Have you sat in a restaurant or in a line at the DMV and just observed? Like really watched people? Are people connecting with those around them? Or are they immersed in the five-inch screens in their hands? How are they interacting with their surroundings?

do not judge; I’m just as guilty. But a few weeks ago I watched as a seasoned couple sat through their entire lunch, and not once did they look up at each other. Not once. I don’t know what they were doing on their phones. Maybe they were texting their children, working remotely for lunch, on social media, checking the news, or playing solitaire.

Again, I don’t judge because I truly saw myself in them. How often do we live in the present? We miss those around us because we’re more concerned about the devices in front of us. The glowing light of a smartphone attracts us more than the glowing light of our loved ones’ faces.

Millennials Don’t Use Social Media to Foster Deep Connections

I’ve been working in campus ministry for a year and a half. I’ve been able to connect with some pretty outstanding young people. Yes, I’m “friends” with them on Facebook and Instagram, but I’d like to say that most of the time, we truly connect with our young people when they swing by. They walk into our office and pull up a chair. They might tell us their struggles, but a lot of the time it’s just that: connecting. We get the joy of sharing in all the moments — the big and small!

Young adults are using social media, but they aren’t using it to connect deeply with others. I wrote last month about GroupMe and how we use it in our ministry to communicate with young people, but many of the students and young adults who we work with prefer email or text message to receive information. One student told me the only reason she still uses Facebook is because our ministry still does.

Phone “Addiction” Affects More Than Just Young People

I think often the younger generations get a bad rep for abusing their smart devices. But I would like to suggest that the addiction is not specific to one age group or demographic.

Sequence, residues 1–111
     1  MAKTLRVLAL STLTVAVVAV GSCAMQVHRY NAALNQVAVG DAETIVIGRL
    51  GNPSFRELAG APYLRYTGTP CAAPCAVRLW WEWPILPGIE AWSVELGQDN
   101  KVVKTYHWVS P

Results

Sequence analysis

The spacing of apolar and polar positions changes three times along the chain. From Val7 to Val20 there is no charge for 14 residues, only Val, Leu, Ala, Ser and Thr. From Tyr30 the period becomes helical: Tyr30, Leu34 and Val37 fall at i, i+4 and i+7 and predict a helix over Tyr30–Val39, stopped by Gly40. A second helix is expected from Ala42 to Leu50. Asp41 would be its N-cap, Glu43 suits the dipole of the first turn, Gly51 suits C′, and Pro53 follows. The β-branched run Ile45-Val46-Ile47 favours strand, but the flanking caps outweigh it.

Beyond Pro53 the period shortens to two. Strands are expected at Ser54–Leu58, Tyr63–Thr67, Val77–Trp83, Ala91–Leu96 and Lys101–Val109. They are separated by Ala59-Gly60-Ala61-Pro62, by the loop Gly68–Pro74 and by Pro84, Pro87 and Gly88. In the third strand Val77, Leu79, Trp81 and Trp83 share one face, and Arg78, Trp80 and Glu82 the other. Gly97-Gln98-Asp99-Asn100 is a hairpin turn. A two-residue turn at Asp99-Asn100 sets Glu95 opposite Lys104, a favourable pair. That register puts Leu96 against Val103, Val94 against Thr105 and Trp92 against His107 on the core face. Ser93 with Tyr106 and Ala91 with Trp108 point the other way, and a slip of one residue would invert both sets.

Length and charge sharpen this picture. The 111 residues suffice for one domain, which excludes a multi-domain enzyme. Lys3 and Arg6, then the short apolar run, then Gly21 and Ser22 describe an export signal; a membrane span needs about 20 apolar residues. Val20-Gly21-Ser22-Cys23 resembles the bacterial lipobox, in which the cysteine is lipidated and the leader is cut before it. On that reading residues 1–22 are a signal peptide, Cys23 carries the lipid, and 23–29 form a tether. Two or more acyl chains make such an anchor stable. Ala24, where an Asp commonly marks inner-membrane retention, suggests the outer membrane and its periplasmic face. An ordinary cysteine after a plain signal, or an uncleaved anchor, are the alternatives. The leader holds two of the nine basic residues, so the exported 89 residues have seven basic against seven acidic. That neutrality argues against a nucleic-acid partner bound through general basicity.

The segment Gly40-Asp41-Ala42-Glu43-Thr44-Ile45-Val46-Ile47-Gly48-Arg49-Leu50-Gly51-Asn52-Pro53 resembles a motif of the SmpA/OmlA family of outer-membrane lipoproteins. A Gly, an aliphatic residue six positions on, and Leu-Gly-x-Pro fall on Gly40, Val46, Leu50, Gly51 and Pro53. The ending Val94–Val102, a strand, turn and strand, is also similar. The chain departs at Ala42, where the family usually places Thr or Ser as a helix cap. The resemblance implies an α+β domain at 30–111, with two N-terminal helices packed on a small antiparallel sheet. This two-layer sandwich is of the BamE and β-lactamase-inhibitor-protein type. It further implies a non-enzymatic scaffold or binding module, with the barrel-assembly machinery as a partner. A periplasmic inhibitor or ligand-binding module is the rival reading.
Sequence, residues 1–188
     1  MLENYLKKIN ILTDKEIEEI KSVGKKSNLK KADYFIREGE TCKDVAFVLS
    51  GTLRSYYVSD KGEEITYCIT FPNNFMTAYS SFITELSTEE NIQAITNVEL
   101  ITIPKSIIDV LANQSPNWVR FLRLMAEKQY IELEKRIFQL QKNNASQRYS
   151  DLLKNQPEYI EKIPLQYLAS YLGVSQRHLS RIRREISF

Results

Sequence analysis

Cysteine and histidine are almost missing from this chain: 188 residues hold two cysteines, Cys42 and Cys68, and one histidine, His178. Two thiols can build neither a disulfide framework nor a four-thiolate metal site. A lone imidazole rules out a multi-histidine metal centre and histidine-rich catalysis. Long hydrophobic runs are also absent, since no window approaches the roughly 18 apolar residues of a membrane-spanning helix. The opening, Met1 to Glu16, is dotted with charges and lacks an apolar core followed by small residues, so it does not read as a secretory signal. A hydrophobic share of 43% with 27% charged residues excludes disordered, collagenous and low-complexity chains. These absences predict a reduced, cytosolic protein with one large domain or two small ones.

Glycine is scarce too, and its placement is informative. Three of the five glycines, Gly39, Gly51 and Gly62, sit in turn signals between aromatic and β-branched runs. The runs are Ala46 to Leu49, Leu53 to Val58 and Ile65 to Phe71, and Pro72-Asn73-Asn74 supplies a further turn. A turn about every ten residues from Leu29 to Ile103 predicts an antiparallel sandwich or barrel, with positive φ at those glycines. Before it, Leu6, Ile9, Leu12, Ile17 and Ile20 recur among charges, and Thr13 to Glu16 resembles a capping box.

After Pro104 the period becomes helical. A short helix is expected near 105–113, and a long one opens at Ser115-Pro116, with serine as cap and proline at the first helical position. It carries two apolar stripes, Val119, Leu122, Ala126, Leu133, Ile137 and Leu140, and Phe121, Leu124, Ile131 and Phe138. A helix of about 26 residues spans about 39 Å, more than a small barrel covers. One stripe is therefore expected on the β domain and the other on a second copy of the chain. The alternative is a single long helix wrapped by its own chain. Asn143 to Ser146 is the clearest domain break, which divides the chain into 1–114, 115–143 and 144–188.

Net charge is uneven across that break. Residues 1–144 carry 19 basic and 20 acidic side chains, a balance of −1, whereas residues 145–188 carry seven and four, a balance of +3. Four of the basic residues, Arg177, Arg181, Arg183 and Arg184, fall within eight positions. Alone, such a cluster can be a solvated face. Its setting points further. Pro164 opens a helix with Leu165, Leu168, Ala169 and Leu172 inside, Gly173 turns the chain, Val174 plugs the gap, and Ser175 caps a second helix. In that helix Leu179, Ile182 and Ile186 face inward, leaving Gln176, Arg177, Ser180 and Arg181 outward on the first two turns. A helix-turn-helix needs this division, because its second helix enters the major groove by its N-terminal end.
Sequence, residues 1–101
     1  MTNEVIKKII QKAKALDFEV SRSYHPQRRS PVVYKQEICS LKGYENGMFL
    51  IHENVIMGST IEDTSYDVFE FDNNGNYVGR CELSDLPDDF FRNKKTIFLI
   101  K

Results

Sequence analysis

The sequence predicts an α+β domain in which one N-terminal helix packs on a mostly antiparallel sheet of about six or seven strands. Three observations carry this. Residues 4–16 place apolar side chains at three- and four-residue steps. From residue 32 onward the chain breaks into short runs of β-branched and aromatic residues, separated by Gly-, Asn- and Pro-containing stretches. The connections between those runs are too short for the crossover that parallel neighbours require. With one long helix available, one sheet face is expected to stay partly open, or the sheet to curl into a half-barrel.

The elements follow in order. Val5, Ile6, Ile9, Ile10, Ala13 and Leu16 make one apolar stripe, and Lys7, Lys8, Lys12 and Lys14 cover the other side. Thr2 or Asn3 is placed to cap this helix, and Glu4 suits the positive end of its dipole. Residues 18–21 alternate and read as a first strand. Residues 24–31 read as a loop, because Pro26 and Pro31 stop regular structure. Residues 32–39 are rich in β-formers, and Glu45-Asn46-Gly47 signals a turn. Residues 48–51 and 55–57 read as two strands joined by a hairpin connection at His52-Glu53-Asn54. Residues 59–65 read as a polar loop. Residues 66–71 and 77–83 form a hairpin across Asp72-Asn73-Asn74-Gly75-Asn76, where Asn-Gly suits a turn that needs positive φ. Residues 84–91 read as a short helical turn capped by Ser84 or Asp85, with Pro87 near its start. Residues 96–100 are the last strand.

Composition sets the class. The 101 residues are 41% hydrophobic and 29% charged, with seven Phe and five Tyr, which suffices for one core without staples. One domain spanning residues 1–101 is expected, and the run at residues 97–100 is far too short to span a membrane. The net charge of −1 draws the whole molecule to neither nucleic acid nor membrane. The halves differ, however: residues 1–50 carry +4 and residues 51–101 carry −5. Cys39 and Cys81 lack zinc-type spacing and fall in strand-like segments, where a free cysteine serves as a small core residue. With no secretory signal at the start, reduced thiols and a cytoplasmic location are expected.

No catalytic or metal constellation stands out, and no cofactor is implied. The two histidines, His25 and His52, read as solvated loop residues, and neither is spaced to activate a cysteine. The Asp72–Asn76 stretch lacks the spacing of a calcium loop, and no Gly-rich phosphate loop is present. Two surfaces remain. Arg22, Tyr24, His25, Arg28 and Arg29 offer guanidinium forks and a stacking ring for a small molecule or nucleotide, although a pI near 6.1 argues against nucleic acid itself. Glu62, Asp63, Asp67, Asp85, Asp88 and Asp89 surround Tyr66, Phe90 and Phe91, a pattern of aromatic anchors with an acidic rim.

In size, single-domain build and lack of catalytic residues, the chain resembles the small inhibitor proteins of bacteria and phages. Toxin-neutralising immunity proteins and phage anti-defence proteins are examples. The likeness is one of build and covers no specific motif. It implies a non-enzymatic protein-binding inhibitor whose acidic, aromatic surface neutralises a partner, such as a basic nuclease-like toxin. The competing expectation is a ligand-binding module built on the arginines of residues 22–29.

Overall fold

After interviewing a psychologist and psychiatry professor, NPR wrote an article that said, “The average adult checks their phone 50 to 300 times each day. And smartphones use psychological tricks that encourage our continued high usage — some of the same tricks slot machines use to hook gamblers.”

A news story I saw a few weeks ago paneled a room full of young adults. After the story, the reporter said something like, “I know that Millennials get a bad reputation for being addicted to their phones, but I’d like to add that not once during the hours of interviews did one of these young people pull out their phone.” That struck me. Have we put this addiction stereotype only on Millennials?

I just had a conversation this week with a graduate student about smartphone addiction. She mentioned that many of her peers would like to downgrade to a flip-phone or a simplified smartphone that would offer minimal apps like maps, lists, and a calculator. She specifically said that it would not have email or social media apps. To be honest, I see the appeal.

How Your Church Can Connect with Young People

So, you might be wondering, “How do we connect with these young people at church?” Just connect. Take notice of them in your fellowship areas and sanctuaries. Invite them over for dinner or out for lunch. Introduce them to other young adults.

I’d like to share a personal story about when my husband and I moved to Dallas, Texas. We are Midwesterners who were sent to North Dallas for a career move in our twenties. I was unemployed while my husband worked seventy-hour weeks. To say I was lonely and homesick was probably an understatement. We’d been married about 2 or 3 weeks when we visited our future church home for the first time.